One Bank & Trust NA v. Larry McNeill Irrevocable Life Insurance Trust et al, No. 4:2009cv00525 - Document 84 (E.D. Ark. 2012)

Court Description: ORDER denying 79 Motion to Set Aside Judgment; denying 80 Motion to Set Aside Judgment. Signed by Judge Billy Roy Wilson on 3/27/12. (kpr)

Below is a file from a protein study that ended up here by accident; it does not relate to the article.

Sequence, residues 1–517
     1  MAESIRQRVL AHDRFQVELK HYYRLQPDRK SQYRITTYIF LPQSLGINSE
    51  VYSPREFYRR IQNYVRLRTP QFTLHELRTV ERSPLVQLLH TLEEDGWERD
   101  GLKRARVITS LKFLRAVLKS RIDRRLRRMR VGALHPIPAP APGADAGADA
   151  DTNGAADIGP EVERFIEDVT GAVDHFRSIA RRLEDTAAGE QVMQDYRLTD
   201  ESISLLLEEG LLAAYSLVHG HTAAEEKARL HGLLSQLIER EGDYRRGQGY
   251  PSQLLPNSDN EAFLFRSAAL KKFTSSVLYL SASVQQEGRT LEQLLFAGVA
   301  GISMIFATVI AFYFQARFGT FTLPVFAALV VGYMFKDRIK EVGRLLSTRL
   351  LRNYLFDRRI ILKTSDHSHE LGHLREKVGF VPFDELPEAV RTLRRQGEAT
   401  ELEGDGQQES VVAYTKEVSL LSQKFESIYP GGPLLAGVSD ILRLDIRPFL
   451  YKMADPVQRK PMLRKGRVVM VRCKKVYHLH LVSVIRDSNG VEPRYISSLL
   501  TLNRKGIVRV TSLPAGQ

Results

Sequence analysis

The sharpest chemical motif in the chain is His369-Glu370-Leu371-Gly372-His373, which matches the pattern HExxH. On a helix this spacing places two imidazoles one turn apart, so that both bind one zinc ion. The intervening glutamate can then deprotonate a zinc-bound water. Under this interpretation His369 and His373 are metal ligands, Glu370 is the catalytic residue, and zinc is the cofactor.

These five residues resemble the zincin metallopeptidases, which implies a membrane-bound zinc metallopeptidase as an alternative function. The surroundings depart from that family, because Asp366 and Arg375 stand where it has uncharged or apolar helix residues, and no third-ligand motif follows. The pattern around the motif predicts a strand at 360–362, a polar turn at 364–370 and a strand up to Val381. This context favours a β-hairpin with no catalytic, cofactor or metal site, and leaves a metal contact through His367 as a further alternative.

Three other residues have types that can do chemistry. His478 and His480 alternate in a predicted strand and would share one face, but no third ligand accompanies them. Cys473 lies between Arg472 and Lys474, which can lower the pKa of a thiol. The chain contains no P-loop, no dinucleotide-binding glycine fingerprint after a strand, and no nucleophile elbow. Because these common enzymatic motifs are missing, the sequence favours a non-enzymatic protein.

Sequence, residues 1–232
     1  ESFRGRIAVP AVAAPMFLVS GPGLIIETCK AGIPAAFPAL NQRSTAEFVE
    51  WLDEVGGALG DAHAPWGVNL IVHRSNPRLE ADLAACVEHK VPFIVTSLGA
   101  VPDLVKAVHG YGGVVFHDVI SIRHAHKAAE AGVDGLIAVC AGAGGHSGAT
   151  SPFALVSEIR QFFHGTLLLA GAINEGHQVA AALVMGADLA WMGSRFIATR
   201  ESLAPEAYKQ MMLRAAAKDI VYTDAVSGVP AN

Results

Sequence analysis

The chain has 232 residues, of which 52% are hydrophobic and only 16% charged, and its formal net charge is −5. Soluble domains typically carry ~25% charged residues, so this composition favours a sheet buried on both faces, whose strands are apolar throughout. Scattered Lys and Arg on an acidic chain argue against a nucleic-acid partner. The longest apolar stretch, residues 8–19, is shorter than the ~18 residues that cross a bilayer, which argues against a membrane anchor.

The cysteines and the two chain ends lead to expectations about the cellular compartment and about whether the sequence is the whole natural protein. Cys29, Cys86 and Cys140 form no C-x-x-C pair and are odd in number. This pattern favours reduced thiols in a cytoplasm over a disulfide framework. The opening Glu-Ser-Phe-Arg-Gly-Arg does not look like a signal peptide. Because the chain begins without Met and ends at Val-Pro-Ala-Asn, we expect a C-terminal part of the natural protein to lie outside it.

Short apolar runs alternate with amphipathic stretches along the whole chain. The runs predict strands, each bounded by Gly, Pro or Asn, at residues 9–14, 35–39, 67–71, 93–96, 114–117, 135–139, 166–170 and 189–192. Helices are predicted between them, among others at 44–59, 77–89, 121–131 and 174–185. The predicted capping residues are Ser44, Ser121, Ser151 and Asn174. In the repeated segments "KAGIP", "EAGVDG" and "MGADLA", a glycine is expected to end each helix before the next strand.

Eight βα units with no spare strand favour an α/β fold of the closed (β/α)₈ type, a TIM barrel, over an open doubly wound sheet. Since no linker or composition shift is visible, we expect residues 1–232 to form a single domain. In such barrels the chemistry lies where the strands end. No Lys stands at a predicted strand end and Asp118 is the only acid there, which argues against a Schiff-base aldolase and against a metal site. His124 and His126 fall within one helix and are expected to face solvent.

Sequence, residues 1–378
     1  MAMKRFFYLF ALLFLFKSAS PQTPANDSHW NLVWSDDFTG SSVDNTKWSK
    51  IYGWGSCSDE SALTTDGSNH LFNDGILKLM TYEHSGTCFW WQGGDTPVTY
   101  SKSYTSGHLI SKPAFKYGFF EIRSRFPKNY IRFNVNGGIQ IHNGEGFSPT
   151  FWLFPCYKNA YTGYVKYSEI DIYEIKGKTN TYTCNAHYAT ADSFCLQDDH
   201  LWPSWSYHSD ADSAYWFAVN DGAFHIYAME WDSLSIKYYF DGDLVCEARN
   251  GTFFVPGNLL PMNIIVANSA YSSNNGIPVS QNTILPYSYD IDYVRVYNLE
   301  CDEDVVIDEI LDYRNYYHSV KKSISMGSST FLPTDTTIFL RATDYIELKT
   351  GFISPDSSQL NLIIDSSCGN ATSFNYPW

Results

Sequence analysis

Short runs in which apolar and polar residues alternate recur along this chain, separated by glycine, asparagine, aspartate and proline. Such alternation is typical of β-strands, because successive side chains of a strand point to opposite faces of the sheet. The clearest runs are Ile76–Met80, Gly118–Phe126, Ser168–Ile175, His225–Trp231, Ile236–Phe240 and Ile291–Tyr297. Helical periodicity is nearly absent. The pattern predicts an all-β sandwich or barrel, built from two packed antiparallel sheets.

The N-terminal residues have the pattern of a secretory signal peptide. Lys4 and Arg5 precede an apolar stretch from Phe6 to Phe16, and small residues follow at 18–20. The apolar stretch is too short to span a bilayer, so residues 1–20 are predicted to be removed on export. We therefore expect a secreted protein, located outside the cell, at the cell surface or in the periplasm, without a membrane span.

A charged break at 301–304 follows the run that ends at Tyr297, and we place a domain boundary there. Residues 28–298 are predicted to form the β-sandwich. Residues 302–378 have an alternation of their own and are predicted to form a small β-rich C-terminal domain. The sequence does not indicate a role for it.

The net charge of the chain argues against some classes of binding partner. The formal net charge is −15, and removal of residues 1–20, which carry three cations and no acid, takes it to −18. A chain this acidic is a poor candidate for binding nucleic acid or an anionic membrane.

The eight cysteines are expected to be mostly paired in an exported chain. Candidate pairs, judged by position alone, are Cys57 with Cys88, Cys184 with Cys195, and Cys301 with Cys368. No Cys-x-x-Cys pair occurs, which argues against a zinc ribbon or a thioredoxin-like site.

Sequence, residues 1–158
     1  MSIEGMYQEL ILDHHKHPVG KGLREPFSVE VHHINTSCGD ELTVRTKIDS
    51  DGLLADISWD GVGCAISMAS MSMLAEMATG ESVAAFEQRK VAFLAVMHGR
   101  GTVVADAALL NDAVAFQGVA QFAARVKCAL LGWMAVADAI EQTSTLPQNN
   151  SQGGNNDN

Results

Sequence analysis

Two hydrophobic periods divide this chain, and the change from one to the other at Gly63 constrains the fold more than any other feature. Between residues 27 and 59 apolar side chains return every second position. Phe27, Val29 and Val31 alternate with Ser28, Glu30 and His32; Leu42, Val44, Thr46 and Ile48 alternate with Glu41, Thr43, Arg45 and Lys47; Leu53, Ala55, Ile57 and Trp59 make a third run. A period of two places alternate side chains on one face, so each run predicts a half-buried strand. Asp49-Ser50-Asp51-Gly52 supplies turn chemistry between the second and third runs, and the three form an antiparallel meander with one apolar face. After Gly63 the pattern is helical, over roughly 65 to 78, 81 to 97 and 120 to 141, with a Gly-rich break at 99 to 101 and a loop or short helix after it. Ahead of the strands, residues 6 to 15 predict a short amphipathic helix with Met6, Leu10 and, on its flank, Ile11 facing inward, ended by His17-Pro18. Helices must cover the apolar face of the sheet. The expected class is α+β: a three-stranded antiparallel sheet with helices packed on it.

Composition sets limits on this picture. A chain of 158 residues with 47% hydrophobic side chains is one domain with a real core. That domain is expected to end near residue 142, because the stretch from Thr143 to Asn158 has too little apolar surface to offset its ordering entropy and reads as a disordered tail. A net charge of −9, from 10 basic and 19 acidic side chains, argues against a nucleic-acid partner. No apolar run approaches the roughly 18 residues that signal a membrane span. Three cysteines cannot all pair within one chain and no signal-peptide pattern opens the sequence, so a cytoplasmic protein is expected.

Download PDF